• Two of the four reports (HealthGrades and the Inspector General) focused on just one patient population, Medicare beneficiaries. Adults 65 and older account for about 75% of inpatient hospital deaths. Extrapolating from their experience to all patients could introduce bias if the two groups (Medicare vs. others) differ.
  • A similar issue arises in the Classen study, which focused on errors at three institutions selected in part because they were large, tertiary care teaching hospitals with “well-established operational patient safety programs.” These criteria could make the hospitals’ experience different from that of other hospitals, which would again skew the resulting estimate when applied to all admissions.
  • These and other problems illustrate why extrapolating these studies to all U.S. hospital admissions produces such a wide range of numbers. The variation is inherent in the limitations of our data on patient safety.
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Table: Why the four estimates of error-related deaths differed

But that doesn’t mean Makary and Daniel’s estimate should be ignored or discounted. On the contrary, there are reasons why their number may actually underestimate the impact of medical error.

For example, while Makary and Daniel focused on deaths among hospital inpatients, an even greater number of people die elsewhere, including at home, in long-term care facilities, or in the emergency room. The CDC says deaths in a hospital make up less than one-third of all deaths (about 715,000 out of 2.5 million in 2010). So the actual number of error-related deaths across all locations could well be higher too.

Few errors result in death

The Makary/Daniel data are also confined to errors that proved fatal, whereas most medical mistakes are not lethal. Another of the four reports, Landrigan et al, for example, found that only 2.4% of all harms identified in their study led to a death.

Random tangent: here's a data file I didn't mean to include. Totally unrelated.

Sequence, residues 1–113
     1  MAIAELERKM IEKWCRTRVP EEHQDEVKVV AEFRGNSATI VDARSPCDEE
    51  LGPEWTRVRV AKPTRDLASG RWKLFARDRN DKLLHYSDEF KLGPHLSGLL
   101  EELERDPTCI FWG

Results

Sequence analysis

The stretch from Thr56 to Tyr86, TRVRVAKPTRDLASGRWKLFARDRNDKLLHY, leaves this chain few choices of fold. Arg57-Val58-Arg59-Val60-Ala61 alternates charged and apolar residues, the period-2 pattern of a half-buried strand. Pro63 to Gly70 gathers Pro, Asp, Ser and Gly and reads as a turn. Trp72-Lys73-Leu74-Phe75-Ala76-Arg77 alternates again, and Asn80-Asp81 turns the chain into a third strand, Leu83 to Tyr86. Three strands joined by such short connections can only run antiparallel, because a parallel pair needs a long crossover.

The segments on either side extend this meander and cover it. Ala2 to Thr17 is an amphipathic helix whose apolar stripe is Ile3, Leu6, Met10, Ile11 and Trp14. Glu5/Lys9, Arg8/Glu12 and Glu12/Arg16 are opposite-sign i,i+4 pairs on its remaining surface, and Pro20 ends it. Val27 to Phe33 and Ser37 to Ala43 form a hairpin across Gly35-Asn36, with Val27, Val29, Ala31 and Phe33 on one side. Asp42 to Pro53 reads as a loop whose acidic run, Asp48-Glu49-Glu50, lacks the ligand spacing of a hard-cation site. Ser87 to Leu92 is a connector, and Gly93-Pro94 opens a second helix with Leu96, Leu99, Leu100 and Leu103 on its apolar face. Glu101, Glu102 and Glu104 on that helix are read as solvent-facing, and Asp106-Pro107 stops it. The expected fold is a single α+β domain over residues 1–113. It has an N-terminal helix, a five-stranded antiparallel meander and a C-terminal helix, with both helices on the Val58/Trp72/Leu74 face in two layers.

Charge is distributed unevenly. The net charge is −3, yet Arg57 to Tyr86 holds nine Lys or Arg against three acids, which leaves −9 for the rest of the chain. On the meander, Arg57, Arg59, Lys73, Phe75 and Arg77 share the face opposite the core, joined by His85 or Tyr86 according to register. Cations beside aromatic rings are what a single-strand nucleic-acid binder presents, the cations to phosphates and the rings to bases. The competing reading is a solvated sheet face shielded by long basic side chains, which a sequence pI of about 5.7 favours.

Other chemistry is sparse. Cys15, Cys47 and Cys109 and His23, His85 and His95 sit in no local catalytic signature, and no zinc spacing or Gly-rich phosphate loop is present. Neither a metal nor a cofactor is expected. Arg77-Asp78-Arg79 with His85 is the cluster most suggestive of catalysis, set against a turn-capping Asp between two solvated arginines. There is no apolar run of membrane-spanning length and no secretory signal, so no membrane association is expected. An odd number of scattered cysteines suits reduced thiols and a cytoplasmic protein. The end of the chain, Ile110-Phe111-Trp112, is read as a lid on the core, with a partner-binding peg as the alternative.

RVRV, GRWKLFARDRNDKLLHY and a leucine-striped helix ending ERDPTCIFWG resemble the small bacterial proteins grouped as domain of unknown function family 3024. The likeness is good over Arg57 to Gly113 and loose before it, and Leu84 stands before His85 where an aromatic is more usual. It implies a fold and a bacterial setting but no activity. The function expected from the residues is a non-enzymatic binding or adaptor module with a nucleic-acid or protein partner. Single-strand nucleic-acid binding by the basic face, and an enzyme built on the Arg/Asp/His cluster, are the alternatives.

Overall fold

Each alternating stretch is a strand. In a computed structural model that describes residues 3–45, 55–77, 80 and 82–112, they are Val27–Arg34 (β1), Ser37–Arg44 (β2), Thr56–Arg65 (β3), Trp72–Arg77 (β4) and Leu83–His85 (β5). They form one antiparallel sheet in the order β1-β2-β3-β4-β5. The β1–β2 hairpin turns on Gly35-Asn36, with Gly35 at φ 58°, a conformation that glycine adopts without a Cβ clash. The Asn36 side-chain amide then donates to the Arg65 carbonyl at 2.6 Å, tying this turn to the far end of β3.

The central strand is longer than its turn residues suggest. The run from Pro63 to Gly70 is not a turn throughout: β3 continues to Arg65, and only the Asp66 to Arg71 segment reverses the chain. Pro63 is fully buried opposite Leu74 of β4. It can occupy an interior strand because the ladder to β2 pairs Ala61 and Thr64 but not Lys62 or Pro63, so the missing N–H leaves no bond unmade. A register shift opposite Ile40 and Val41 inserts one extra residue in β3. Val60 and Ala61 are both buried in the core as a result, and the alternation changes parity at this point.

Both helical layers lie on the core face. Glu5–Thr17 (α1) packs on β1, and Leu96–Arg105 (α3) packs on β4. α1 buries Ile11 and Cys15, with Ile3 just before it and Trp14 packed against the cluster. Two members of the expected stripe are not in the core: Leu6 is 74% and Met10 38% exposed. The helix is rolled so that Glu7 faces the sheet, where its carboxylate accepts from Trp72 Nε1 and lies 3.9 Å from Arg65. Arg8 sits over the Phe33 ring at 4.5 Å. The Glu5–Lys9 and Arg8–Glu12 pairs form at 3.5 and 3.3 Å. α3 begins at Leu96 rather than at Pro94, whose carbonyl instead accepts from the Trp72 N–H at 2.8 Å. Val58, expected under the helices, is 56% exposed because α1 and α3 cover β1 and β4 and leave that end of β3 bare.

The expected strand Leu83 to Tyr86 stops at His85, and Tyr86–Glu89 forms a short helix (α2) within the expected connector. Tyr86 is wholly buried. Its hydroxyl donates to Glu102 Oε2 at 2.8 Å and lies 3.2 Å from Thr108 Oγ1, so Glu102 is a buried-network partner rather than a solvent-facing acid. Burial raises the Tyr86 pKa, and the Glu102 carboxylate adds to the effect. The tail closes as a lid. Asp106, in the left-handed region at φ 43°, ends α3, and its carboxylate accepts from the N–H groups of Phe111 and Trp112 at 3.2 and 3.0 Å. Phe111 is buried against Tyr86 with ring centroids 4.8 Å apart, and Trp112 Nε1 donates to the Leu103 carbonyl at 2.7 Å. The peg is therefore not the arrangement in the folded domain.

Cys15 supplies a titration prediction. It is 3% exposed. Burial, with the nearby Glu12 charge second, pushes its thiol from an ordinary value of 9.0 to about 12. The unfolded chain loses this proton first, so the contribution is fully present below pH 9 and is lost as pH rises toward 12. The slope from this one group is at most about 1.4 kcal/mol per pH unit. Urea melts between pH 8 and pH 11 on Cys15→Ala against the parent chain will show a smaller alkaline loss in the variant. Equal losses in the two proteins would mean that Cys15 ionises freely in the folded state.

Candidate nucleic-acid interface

Yet many non-fatal errors cause serious harm. In that study, more than half of non-lethal harms resulted in prolonged hospitalization or worse, based on discharge records. And a 2014 survey of Massachusetts residents by the Harvard School of Public Health for the Betsy Lehman Center showed the same thing: nearly one in four (23 percent) said either they or someone close to them had experienced a preventable medical error during the previous five years, and that 59 percent of those errors resulted in serious harm.

Thus, both medical records and patients’ impressions point to a large number of non-fatal errors that were not the focus of the Makary/Daniel article but nonetheless cause serious harm.

So while it’s helpful to understand the limitations of these estimates, all of this work underscores what the Institute of Medicine highlighted in its 1999 report “To Err is Human:” the number of serious medical errors is too high, and much remains to be done to reduce patient harm in the health care system.